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Note that \begin{align*} dJ_c(s) = dB_s -cJ_c(s) ds. \end{align*} Moreover, $d\langle J_c, J_c\rangle_t = dt$. Then, by Ito's lemma, \begin{align*} \int_0^1J_c(s) dJ_c(s) &= \int_0^1 d\left(J_c^2(s) -s \right)\\ &= J_c^2(1) - 1. \end{align*} Since \begin{align*} J_c(1) &= \int_0^1 e^{-c(1-s)}dB_s \end{align*} is normal with zero mean and the ...

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We assume that \begin{align*} d\left(\! \begin{array}{c} S^1(t)\\ S^2(t) \end{array} \!\right) =\textrm{diag}\left(S^1(t), S^2(t)\right)\bigg[\left(\! \begin{array}{c} r\\ r \end{array} \!\right)dt + \left(\! \begin{array}{cc} \sigma_{1,1} &\sigma_{1,2}\\ \sigma_{2,1} &\sigma_{2,2} \end{array} \!\right)d \left(\! \begin{array}{c} W_t^1\\ W_t^2 \end{...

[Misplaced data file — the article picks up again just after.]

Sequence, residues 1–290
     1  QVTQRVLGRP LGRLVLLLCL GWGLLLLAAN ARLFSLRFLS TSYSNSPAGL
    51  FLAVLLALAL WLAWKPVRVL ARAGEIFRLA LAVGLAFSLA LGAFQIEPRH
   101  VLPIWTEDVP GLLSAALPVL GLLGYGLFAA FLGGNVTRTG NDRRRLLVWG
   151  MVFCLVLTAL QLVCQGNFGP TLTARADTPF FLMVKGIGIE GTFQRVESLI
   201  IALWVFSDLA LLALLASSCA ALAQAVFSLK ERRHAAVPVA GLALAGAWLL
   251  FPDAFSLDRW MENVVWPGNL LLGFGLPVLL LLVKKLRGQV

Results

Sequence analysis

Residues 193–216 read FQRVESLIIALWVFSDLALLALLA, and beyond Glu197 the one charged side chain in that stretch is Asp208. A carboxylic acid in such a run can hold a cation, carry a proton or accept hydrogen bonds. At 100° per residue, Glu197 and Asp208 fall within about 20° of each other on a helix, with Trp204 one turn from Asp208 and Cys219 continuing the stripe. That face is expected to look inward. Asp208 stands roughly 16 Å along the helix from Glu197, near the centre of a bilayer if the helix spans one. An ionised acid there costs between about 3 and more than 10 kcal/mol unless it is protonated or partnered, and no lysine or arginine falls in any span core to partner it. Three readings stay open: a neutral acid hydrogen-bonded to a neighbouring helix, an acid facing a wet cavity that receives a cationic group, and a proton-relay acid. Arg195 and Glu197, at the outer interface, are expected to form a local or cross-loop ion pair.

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This is not a complete answer, just a correction for the case of Poisson process. Clearly, given $N(t) = n$, $$K(t) = \sum_{k=1}^n (t-\tau_k),$$ where $\tau_k$ is the $k$th jump time. It is well known that, given $N(t) = n$, the jump times $\tau_1,\dots,\tau_n$ are distributed as order statistics $U_{(1)},\dots, U_{(n)}$ of an iid $U[0,t]$ sample $U_1,\... -1 Finally, I found it wrong. The correct way is dB_x = mvnrnd(zeros(K, 1), Omega_xx/n, n); % n-by-m matrix B_x = cumsum(dB_x,1); % n-by-m matrix B_x = [zeros(1,K); B_x]; J_c = exp(C*[1:n]/n)'.*cumsum(exp(-C*[1:n]/n).*[zeros(K,1) dB_x(1:n-1,:)'])'; dJ_c=[J_c(1,:); diff(J_c)]; % m-by-n matrix int_J = J_c'*dJ_c; 0 Define$X_t = -\int_0^t\beta_s\,dW_s$and$Y_t = -\frac{1}{2}\int_0^t\beta_s^2\,ds$. Then$Z_t = e^{X_t+Y_t}$. Even though you did not mention it I am guessing that there is a condition on$(\beta_s)_{s\geq 0}$that makes$X$a local martingale. Since Brownian motion has continuous paths,$X$is continuous as well, which implies$Z$is continuous as well. ... 3 Check out Girsanov's paper from 1962 (here or here) for the proof of why his counterexample works; he gives the counterexample: $$dX_t = \frac{|X_t|^{\alpha}}{1+|X_t|^{\alpha}}dB_t, \quad 0\le \alpha < \frac{1}{2}$$ where$B_t$is Brownian motion/standard Wiener process. 1 By the stationarity of the increments, this is equivalent to $$\min_{s \in [0,t]} \mathbb{P}(|X_s| \leq \epsilon)>0$$ for all$t>0$. Without any additional assumptions this does, in general, not hold true. Consider for example$X_t := t$(i.e. a deterministic drift process), then $$\mathbb{P}(|X_t| \leq \epsilon) = 0$$ for all$t>\epsilon$. ... 1 You'll want to have a look at "A Signed Measure on Path Space Related to Wiener Measure" by K. Hochberg http://www.jstor.org/stable/2243147 Hocberg constructs a Markovian signed measure (of unbounded variation) on the space of continuous paths, associated with the operator$Lu:={\partial^4u\over\partial x^4}$. The transition density$p$is the fundamental ... 0 Since$k>1$, your inequality won't give you anything, at least for positive$C$. By telescoping product of your inequality,$\frac{S_{t_2}}{S_{t_1}}\le k^\infty\frac{C_{t_2}}{C_{t_1}}=\infty,\,\forall t_1<t_2$. 0 You're right, this is no hard, although is quite tricky. The only thing you need is self-similarity. First note that$x^qa^{-q} = q\cdot\sup_{\lambda>0}(\lambda x - p^{-1}\lambda^p a^p)$. Then $$\sup_{t\ge 0} \left(\frac{X_t}{1+t^{p/2}}\right)^q = q\cdot\sup_{t\ge 0}\sup_{\lambda>0}\left(\lambda X_t - p^{-1}\lambda^p (1+t^{p/2})^p\right)\\ = \sup_{\... 2 As it was hinted in the comments, the result is not true unless you assume uniform convergence somewhere. Here is a simple example. Let X_n = X have non-degenerate Bernoulli distribution and Y_{un} = X \mathbf{1}_{u\ge n}. Then P(Y_{un}\neq X_n)\to 0, u\to\infty, and e^{itY_{un}} \to 1, n\to\infty, in all senses. However, e^{itX_n} = e^{itX}\... 3 See https://en.wikipedia.org/wiki/Renewal_theory#The_elementary_renewal_theorem The elementary renewal theorem 0 For all random variables U,V and constants a,b: Expectation is Linear :$$\mathsf E(aU+bV) ~=~ a\,\mathsf E(U)+b\,\mathsf E(V)$$Variance is not linear, but we have the rule that :$$\mathsf {Var}(aU+bV) ~=~ a^2\,\mathsf {Var}(U)+b^2\,\mathsf {Var}(V)-2ab\,\mathsf {Cov}(U,V)$$However, when U,V are uncorrelated :$$\mathsf {Var}(aU+bV)~=~ a^2\,\... -2 A shorter answer: The trick is remove the denominator$(1-t)$, by defining$X_t = Y_t(1-t)$, then $$dX_t = (1-t)dY_t - dY_t = -dY_t + dW_t \implies dY_t = \frac{1}{1-t} dW_t,$$ hence $$X_t = \int_0^t \frac{1}{1-u}dW_u.$$ 1 The notation seems to change somewhat between arxiv versions and journal version. My guess is that the "1/2" is a typo. I agree that example should have been more clearly explained. The idea is to compare to an optimal randomized stationary algorithm, which is one that makes decisions without using queue backlog. It would have been nice for the paper to ... 0 Example: An excursion of a Brownian motion$(B_t: t\ge 0)$is a piece$(B_t: a\le t\le b)$of its path such that$B_a=B_b=0$but$B_t\not=0$for all$t\in(a,b)$. Let us use the left endpoint of the time interval of a Brownian excursion as a label for the excursion. The collection of these left endpoints is a point process on$(0,\infty)$comprising ... 2 It seems that when we talk about Poisson random measure, we often assume that the characteristic measure$\nu$is$\sigma$-finite. Then the random measure$\tilde{N}(t,dx)$is also$\sigma$-finite. Of course,$\tilde{N}(t,A)$is not a martingale if$\nu(A)=\infty$. To define the stochastic integral $$\int^T_0 f(t,x)\tilde{N}(dt,A),$$we first consider the ... 1 If$X_i$s are independent and you have already their standard deviations, say$\sigma_i$, for$X_i$, which seem to be the same, then the variance of each$X_i$, for$i=1,\cdots, n$is$\sigma^2_i$, and so the variance of$X$is equal to$\sum_{i=1}^n\sigma^2_i=n\times \sigma^2_i$. As a result, the standard deviation of$X$is$\sqrt{n\times \sigma^2_i}=\...